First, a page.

From June after an airport security incident involving Griner:

The first NBA team to fly privately for road trips used VCRs to watch game tape. Depending on one’s own relationship with VHS, it was either an eternity ago or really not that long ago at all.

It was the 41st season in NBA history when Detroit Pistons owner William Davidson purchased a private plane for $2.5 million ahead of the 1987-88 season and flew his team “in style,” according to a headline in The Boston Globe. In one of the article’s anecdotes, four-time All-Star Bill Laimbeer brought barbecue to share on an 18-minute plane ride to Cleveland.

Two decades later, Laimbeer was back cramming his 6-foot-11 frame into the limited space of commercial airlines as a head coach in the WNBA. Forget barbecue for the league’s best team. In 2021, his Las Vegas Aces had to find food at a local Walmart following flight delays, missing luggage and traffic. Laimbeer joked he was “looking for the booze” because of the frustration of it all.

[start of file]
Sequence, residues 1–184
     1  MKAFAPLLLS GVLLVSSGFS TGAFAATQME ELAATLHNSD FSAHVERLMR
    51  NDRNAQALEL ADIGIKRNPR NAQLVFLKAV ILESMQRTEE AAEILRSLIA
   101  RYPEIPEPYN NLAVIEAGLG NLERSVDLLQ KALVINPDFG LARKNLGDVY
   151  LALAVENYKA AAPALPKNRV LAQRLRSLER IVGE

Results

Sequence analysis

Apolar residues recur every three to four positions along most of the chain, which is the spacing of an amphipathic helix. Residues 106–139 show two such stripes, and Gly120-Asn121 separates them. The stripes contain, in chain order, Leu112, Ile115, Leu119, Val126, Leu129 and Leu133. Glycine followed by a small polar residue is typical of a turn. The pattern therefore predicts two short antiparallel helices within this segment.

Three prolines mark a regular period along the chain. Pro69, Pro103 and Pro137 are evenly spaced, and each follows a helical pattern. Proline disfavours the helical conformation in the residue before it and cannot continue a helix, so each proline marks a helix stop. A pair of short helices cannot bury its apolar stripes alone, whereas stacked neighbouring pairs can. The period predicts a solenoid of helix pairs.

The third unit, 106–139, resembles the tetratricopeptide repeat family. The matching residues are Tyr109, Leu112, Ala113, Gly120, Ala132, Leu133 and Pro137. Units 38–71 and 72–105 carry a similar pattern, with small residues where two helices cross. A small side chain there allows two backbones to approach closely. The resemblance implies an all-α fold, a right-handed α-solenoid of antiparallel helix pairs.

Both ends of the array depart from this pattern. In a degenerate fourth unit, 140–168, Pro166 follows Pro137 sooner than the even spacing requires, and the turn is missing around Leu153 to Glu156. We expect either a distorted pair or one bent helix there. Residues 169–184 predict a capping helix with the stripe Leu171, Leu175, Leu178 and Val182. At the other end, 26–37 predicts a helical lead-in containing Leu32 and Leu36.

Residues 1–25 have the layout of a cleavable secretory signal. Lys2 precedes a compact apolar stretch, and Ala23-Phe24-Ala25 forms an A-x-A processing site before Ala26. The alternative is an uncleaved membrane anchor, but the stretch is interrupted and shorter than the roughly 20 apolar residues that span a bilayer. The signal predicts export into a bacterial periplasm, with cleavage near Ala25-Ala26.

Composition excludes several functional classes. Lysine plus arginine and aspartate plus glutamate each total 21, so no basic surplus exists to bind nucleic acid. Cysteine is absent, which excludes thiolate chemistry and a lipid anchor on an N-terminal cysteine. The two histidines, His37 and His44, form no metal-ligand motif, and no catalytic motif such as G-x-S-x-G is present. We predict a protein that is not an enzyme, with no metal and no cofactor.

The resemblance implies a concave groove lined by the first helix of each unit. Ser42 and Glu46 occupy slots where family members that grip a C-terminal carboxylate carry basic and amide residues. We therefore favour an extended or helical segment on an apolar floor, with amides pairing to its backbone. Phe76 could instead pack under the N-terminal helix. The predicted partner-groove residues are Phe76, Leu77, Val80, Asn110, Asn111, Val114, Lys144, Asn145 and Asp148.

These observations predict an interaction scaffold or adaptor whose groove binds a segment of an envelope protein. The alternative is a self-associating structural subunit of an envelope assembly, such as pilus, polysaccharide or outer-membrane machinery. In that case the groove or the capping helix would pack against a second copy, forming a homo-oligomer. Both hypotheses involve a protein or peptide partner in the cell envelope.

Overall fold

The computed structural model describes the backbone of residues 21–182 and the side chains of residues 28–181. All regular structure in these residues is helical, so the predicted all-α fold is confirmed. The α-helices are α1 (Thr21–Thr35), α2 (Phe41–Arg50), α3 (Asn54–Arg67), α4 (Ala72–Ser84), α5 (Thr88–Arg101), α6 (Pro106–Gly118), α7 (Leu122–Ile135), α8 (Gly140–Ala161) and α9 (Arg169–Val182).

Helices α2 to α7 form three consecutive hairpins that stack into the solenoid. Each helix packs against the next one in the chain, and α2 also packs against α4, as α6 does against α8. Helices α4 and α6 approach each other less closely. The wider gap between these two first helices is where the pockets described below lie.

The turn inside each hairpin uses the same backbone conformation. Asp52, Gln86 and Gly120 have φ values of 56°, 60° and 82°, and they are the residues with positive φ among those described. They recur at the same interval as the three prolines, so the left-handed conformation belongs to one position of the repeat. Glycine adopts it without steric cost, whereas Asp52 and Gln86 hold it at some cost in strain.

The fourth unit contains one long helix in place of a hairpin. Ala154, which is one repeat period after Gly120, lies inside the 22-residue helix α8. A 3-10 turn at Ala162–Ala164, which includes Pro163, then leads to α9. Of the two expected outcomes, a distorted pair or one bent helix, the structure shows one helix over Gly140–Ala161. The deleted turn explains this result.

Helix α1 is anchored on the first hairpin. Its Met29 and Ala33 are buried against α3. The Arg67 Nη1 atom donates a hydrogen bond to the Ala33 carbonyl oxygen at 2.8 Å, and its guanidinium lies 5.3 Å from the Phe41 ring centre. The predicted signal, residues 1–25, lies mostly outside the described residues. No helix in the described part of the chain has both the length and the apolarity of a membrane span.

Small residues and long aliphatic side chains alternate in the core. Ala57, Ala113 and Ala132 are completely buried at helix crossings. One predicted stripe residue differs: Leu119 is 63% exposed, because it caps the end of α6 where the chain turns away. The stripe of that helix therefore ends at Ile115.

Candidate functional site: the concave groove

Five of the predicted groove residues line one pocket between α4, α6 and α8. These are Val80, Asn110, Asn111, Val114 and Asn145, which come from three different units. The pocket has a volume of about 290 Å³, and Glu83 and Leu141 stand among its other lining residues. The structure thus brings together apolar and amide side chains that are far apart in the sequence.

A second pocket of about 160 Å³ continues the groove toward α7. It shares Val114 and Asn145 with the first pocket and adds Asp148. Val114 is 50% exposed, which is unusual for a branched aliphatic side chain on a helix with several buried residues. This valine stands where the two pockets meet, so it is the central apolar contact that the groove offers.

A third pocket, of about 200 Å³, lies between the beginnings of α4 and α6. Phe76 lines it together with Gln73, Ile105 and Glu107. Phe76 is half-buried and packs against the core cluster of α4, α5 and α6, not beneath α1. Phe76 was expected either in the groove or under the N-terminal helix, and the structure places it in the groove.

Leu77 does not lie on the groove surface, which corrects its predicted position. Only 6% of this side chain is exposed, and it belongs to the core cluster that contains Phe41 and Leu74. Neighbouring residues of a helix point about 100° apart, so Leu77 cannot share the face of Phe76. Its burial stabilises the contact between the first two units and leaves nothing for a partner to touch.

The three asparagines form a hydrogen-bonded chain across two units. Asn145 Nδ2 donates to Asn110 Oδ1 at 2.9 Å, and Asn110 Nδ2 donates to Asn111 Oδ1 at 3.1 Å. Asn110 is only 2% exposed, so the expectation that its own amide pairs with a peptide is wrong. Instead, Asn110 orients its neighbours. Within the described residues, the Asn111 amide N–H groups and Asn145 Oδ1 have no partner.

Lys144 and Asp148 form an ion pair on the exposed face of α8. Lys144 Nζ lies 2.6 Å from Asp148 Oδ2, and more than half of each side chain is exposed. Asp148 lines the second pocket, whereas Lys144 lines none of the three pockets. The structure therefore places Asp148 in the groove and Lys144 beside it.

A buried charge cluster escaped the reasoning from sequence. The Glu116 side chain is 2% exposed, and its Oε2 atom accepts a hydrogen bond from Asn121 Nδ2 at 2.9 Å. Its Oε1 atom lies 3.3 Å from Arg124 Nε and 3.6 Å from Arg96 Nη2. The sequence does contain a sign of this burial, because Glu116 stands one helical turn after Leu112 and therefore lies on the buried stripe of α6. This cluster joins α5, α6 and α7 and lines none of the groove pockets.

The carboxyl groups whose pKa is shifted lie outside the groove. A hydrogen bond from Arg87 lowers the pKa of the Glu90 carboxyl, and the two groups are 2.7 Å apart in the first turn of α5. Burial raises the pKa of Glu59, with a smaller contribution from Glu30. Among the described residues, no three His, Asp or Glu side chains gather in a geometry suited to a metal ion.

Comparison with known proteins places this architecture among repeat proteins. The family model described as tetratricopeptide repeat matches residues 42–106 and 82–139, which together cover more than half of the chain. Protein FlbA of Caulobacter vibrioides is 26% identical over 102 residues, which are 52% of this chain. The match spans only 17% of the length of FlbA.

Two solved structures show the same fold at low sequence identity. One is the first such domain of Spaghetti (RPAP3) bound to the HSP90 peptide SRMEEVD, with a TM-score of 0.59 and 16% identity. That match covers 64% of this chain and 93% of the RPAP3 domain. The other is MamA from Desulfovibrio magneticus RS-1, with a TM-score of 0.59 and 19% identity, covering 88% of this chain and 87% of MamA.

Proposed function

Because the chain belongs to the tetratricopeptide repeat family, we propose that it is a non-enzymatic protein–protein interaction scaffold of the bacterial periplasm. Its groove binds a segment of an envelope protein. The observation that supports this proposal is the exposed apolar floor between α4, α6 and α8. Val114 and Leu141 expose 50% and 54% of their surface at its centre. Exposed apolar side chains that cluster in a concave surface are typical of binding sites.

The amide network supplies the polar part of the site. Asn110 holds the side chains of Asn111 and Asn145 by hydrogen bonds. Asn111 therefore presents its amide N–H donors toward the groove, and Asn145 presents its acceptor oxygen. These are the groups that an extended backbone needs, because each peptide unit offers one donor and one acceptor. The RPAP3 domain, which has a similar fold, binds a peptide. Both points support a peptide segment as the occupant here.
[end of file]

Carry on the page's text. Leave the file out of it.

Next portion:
The lack of charter flights in the WNBA has remained an issue and took on greater urgency this week when Brittney Griner and the Phoenix Mercury were harassed by a “social media figure and provocateur” when they were flying from Dallas to Indiana on Saturday. The individual recorded the interaction with Griner, who was released in a prisoner exchange with Russia in December. She had been declared wrongfully detained by the United States government for 10 months.

The collective bargaining agreement requires teams to fly commercially as a way to level the playing field for less wealthy franchises. In the past, the WNBA has provided charters in a few sticky situations as they arose and during certain postseason series. This season, teams are allowed to use charters for flights between back-to-back games, for the Commissioner’s Cup game if they win the berth and for the full postseason.

A’ja Wilson scores league-record 53 points

There is no greater indicator that the WNBA is still a very young league than the amount of records that can be broken as more talent emerges. Wilson matched the league record for most points in a game during an August outing against the Dream.